Reflection on CEPs

Proficient Clinical Examination and Procedural Skills are fundamental to effective general practice. Relevant evidence for this Capability needs to be gathered regularly throughout each review period and recorded in your Portfolio. As with the other Capabilities, there are sets of word descriptors to help you reflect on your progression as you acquire these skills. 

There are 5 intimate examinations which need to be specifically included, as these are mandated by the GMC. These include breast, rectal, prostate, male genital examination and female genital examination (which includes a speculum and bimanual pelvic examination).

You need to be observed performing the intimate examinations by a suitably trained professional. The assessor records their observation on the CEPS evidence form. If this is another doctor they must be at ST4 level or above, or an SAS equivalent. If the colleague is another health professional, such as a specialist nurse, they must confirm their role and training so that your Educational Supervisor can be satisfied that they have been appropriately trained. You may also decide to write a separate log entry on any of these specific skills.

Important: You are also required to complete reflective log entries relating to each of the 5 mandatory CEPS to complete the assessment and have them signed off.  Without the reflection, the CEPs will not be signed off.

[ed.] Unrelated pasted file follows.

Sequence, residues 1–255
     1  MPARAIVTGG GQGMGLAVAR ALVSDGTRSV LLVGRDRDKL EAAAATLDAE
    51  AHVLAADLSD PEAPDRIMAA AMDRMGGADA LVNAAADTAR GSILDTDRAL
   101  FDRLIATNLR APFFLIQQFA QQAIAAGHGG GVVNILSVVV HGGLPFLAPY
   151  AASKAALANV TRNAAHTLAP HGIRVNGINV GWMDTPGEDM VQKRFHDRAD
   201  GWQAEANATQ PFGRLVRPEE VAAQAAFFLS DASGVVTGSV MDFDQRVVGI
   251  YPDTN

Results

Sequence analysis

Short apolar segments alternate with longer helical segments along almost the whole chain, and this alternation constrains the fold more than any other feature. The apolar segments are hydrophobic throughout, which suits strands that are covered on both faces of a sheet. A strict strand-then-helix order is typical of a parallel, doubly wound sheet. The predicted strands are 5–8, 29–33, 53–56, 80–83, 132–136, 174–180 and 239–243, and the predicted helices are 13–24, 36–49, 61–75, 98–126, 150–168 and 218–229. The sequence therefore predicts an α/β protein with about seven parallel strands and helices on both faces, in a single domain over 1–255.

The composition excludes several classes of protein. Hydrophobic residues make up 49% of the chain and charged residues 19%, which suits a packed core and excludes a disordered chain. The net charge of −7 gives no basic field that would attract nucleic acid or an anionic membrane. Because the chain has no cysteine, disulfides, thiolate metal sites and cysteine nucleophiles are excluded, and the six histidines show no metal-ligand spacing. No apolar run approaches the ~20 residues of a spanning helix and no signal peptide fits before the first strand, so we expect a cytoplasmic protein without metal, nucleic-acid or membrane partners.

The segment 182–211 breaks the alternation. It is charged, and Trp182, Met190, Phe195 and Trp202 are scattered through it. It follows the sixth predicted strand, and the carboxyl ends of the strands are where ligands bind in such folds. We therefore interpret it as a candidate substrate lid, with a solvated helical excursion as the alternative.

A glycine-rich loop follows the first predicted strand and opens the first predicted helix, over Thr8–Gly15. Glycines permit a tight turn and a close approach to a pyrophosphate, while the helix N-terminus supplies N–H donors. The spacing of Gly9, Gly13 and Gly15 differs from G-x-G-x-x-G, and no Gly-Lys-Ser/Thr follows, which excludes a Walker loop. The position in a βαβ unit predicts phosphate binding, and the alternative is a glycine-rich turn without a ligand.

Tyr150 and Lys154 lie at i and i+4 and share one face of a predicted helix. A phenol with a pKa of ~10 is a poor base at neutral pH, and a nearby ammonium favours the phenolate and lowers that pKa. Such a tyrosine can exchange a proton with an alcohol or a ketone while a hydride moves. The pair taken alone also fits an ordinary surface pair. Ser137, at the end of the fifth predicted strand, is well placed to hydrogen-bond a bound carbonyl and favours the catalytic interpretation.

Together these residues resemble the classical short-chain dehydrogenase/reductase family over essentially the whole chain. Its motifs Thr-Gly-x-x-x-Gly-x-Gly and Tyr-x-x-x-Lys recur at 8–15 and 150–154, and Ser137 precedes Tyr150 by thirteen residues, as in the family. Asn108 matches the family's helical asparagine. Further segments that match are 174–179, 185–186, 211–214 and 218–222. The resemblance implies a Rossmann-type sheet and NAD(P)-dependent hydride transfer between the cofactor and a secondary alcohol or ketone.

Is it sufficient to just do each mandatory CEPS once in training?

Yes, if the observer states you are competent to perform that specific CEPS unsupervised, if not it will need repeating.

How many CEPS do I need?

here is no set number. There needs to be enough to demonstrate, to your Educational Supervisor’s satisfaction, your competence in CEPS.

What is the standard of the clinical examination expected?

The standard is that of an independent fully qualified General Practitioner. As well as the technical aspects of examination and the ability to recognise abnormal physical signs, it includes the choice of examination best suited to the clinical context. For instance, a competent GP very rarely performs an extensive neurological examination but will perform a limited neurological examination as determined by the history taken from the patient.

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